Human Capital Development (HCD)


Recent Submissions

Now showing 1 - 5 of 11
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    Educate Teachers Educate Children
    (African Economic Research Consortium, 2024-05-14) Sitati, Melap; Murebu, Rosemary
    Teachers play a critical role in the education system. As a result, teacher costs rake up 58 percent of public expenditure on education in Kenya. Despite this investment, leaner performance in numeracy and literacy remains below average with wide variability registered across counties. Low learner performance hinders a country's economic growth and limits opportunities for higher education or employment, leading to a cycle of poverty and inequality.
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    Does every Cloud have a Silver Lining?
    (African Economic Research Consortium, 2024-03-30) Chakraborty, Kritika Sen; Villa, Kira
    Climate change disproportionately affects rural economies, particularly in poorer regions such as sub-Saharan Africa, where livelihoods depend on weather fluctuations. South Africa, a middle-income country located within a drought belt, has experienced exacerbated drought conditions in recent years. In 2015-2016, the country suffered the worst drought in decades, which substantially decreased food production (World Bank Group, 2021). To cope with weather events, households employ several strategies, including adjusting the human capital investments and labour supply responses of household members as a form of ‘self-insurance’. Rainfall shocks, as a proxy for agricultural productivity shocks, can affect the school–work decisions of adolescents and young adults in rural South Africa. Adolescents are particularly vulnerable as they may be forced to enter the labour market to cope with shocks, resulting in school termination and, consequently, long-lasting negative effects on human capital accumulation. Exploring the weather shocks-human capital nexus is crucial for South Africa, which has around 207,714, out-of-school adolescents and a low net secondary school enrollment rate of 70.3 % in 2019 (UNESCO, 2019).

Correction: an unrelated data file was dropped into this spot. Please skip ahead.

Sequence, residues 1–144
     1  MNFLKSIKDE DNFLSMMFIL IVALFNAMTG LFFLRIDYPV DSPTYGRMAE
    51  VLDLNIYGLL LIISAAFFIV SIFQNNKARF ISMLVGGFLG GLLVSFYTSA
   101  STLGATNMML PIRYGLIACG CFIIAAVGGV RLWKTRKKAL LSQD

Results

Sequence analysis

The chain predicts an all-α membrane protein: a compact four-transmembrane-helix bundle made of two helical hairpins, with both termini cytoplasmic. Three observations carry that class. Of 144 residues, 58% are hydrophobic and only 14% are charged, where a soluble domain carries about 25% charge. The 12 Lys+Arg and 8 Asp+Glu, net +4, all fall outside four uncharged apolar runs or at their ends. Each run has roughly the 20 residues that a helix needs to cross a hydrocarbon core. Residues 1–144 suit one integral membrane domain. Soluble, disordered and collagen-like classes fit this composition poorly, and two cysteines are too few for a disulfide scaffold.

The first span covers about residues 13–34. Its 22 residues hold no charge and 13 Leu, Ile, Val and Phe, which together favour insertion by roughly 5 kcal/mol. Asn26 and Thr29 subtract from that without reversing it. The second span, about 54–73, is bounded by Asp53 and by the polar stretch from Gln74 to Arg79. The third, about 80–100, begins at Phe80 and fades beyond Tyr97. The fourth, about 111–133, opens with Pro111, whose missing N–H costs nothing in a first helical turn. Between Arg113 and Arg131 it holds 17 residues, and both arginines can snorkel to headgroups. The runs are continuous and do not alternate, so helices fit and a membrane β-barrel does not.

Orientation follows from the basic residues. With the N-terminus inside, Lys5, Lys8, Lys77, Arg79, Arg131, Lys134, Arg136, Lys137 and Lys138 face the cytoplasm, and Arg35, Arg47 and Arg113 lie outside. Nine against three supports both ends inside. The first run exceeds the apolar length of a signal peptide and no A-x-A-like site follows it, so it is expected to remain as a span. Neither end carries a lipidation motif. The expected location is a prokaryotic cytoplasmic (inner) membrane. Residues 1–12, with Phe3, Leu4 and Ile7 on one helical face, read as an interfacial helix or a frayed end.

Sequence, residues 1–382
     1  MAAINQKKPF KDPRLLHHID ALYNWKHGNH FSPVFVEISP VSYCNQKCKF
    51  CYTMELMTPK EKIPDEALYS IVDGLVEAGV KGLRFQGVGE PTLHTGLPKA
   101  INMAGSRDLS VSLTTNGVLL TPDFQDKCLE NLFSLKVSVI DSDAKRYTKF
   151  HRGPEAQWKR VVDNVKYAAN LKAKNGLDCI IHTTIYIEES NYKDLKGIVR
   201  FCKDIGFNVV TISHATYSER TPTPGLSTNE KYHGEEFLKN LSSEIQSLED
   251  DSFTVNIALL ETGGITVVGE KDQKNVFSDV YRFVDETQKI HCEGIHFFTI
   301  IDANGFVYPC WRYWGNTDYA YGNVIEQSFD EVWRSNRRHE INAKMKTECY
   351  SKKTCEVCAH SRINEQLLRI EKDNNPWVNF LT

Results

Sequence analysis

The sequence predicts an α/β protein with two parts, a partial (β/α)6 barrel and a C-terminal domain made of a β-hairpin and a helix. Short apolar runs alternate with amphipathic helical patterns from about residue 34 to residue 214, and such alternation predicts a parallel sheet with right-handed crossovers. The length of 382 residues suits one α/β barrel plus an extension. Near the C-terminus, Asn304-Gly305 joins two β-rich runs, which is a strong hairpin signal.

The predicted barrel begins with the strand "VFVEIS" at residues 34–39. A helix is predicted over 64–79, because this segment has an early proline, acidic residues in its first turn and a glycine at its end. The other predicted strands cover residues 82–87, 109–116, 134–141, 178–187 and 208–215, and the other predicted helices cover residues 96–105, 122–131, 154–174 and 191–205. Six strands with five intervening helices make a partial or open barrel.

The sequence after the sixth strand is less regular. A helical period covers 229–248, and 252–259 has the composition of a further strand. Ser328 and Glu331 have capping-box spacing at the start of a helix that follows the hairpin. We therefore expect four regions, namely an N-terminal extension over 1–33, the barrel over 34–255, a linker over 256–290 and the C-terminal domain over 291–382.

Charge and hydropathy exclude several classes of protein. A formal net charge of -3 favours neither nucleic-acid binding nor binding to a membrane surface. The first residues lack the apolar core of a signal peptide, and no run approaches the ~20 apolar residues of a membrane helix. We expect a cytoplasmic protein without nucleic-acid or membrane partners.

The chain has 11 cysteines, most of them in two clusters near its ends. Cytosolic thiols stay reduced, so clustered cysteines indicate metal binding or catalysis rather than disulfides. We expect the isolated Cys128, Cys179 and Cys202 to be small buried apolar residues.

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    From Mothers to Children: The Implications of Work on Education in Senegal
    (African Economic Research Consortium, 2024-03-30) NDOYE, Mamadou Laye; ATCHADE, Bénédicte
    Despite the implementation of a universal education policy in Senegal, the academic achievements of children by the end of the primary school cycle remains a major problem. Besides the acquisition of knowledge on the classical subjects that are taught in school, several other reasons related to family life were highlighted as determinants in academic achievements of learners. We pay specific interest to the impact of the mother’s labour in a context whereby women are more and more involved in the labour market and are faced with serious difficulties in being able to reconcile their professional roles with their maternal obligations. Indeed, in Senegal, the employment of women, mostly in precarious and low paying jobs, prevents them from balancing their professional obligations with their maternal responsibilities, which has a negative impact on the academic achievements of their children.
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    Skills over Scarcity
    (African Economic Research Consortium, 2024-03-30) Lionie, Mafang; Dumas, Tsambou André; Gnilane, Diouf Ndeye Marie; Bertin, Malou Jonas
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    The Peril of Ignoring Human Capital
    (2024-03-30) Yelwa, Mohammed; Anyanwu, Sarah O.
    Nigeria's economic growth and productivity depend on the development of human capital.However,Nigeria's human capitaldevelopmentis still low,particularly among low-income rural families who lack the means to investin their children's future. The lack of resource endowment in most households and cultural prejudices against girls are two main factors contributing to inadequate human capital development in Nigeria. Decisions about investing in human capital are also influenced by family size and per capita income. Therefore, nderstanding how family human capital investment decisions affect children's development is crucial for combating poverty and promoting sustainable development in Nigeria.